And while appearing for interviews and “framing the conversation,” is helpful, McNamee said, technology giants should “pay the costs.”

“You have to get rid of the hate speech and disinformation before it amplifies,” he said.

Facebook, Alphabet, Microsoft and Amazon did not immediately respond to a request for comment.


Company: cnbc, Activity: cnbc, Date: 2019-05-17  Authors: jessica bursztynsky
Keywords: news, cnbc, companies, model, superficial, changing, public, technology, sandberg, facebook, making, mcnamee, roger, change, business, stop, ways, fixes, privacy


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Shares of Huawei’s American suppliers slide, but the Chinese giant says it can survive US blacklist

Shares of Huawei’s key U.S.-listed suppliers stumbled on Thursday following a new rule that requires American firms to seek government approval before selling to the Chinese tech giant. That means American firms will need to get a license from the government to sell or transfer technology to Huawei. Huawei, for its part, said the U.S. government’s move could meaningfully hurt such American firms. US company reactionCNBC reached out to 11 U.S.-listed Huawei suppliers. A concern is that there coul


Shares of Huawei’s key U.S.-listed suppliers stumbled on Thursday following a new rule that requires American firms to seek government approval before selling to the Chinese tech giant. That means American firms will need to get a license from the government to sell or transfer technology to Huawei. Huawei, for its part, said the U.S. government’s move could meaningfully hurt such American firms. US company reactionCNBC reached out to 11 U.S.-listed Huawei suppliers. A concern is that there coul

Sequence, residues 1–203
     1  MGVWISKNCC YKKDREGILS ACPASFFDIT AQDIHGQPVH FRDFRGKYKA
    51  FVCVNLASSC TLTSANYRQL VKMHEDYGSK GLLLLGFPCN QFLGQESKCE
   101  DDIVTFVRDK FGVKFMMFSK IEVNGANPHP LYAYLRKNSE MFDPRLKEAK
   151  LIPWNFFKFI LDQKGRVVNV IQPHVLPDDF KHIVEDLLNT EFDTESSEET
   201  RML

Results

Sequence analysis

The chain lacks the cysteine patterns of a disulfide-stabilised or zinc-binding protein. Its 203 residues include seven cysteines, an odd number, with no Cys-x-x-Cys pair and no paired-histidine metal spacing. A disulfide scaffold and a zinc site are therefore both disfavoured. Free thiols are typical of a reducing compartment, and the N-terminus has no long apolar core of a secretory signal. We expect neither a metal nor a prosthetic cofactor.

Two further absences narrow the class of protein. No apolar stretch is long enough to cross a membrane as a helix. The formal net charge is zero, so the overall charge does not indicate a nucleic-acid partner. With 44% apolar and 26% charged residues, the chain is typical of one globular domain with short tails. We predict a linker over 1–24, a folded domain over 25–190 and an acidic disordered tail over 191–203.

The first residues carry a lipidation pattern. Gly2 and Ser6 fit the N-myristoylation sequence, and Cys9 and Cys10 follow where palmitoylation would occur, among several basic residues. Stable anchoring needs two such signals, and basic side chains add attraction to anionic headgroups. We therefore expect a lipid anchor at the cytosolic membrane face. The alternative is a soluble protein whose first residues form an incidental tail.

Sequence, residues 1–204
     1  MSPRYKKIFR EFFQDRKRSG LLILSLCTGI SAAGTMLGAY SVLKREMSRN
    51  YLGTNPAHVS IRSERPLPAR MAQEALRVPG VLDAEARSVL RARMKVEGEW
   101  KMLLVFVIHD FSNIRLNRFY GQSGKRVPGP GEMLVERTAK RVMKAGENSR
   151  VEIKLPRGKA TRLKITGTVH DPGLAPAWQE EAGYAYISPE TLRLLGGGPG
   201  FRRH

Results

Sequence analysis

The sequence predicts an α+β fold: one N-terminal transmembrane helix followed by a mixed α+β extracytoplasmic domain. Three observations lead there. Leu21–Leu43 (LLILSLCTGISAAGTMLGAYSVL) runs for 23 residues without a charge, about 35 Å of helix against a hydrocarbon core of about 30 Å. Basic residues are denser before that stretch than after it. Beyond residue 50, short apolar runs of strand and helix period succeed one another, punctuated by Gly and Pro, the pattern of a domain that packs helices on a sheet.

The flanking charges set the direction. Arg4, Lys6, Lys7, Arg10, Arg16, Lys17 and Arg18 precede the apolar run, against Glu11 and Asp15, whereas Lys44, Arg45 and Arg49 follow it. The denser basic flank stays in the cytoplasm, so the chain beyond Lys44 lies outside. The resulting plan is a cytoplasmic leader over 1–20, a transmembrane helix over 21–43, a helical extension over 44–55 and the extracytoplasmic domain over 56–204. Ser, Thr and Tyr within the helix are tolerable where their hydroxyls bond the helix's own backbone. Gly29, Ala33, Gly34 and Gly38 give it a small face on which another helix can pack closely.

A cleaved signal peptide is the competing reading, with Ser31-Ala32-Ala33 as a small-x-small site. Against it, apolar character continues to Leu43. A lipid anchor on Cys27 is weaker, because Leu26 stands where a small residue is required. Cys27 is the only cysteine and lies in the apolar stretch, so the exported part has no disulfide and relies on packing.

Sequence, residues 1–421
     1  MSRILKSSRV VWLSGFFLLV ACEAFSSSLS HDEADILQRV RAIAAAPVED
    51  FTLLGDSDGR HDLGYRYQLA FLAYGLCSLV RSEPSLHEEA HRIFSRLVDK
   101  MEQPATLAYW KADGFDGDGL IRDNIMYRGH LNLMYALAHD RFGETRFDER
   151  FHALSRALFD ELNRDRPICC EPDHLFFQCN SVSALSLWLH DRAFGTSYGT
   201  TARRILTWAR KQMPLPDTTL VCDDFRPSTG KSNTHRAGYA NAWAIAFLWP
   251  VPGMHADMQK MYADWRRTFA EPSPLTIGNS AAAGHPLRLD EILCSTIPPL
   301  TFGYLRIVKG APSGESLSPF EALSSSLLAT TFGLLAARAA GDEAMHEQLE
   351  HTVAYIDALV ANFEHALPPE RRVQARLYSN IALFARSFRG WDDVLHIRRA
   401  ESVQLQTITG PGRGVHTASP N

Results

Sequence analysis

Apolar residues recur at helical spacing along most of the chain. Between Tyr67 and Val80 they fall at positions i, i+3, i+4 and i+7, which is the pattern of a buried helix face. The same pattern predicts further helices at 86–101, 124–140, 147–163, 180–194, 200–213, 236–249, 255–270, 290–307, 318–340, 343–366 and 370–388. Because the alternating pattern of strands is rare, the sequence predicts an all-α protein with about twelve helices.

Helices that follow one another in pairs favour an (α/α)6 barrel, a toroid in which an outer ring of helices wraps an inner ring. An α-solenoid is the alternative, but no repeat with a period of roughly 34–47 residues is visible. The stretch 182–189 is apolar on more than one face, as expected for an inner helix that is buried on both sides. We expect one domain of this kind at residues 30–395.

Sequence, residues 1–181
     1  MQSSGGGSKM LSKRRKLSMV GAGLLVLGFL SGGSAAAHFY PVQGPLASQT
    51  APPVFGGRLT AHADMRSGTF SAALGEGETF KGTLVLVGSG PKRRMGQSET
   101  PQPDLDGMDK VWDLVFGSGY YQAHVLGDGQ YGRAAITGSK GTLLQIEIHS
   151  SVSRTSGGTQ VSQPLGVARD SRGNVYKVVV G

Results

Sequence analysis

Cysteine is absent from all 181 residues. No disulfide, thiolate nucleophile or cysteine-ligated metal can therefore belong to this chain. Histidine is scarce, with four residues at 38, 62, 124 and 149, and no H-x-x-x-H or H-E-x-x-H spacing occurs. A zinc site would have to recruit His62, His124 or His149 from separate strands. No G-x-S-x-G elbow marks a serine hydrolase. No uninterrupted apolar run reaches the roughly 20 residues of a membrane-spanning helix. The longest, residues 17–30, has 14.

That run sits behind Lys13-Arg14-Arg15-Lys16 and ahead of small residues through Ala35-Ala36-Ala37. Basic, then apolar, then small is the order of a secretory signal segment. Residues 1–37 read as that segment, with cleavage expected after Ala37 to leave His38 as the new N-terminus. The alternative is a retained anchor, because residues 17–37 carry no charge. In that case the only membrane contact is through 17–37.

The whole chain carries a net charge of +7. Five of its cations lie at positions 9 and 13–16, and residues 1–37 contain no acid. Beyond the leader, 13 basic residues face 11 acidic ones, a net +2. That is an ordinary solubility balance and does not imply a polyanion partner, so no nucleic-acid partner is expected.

Shares of Huawei’s American suppliers slide, but the Chinese giant says it can survive US blacklist Cached Page below :
Company: cnbc, Activity: cnbc, Date: 2019-05-17  Authors: arjun kharpal
Keywords: news, cnbc, companies, survive, huawei, suppliers, business, huaweis, blacklist, told, technology, chinese, spare, shares, slide, american, firms, components, companies, giant


Shares of Huawei's American suppliers slide, but the Chinese giant says it can survive US blacklist

Shares of Huawei’s key U.S.-listed suppliers stumbled on Thursday following a new rule that requires American firms to seek government approval before selling to the Chinese tech giant. Earlier this week, Huawei was added to the U.S. Bureau of Industry and Security’s so-called Entity List. That means American firms will need to get a license from the government to sell or transfer technology to Huawei. Huawei has over 30 U.S. companies that it deems “core suppliers,” selling it components to go in everything from its smartphones to its telecom networking equipment. Many of those firms are publicly listed and took a battering by the close of U.S. trade on Thursday. Qualcomm was down 4%, Micron was nearly 3% lower, and semiconductor firms Qorvo and Skyworks were down 7% and 6%, respectively. CNBC reached out to all four of those companies for comment about Huawei’s inclusion on the Entity List. None have replied.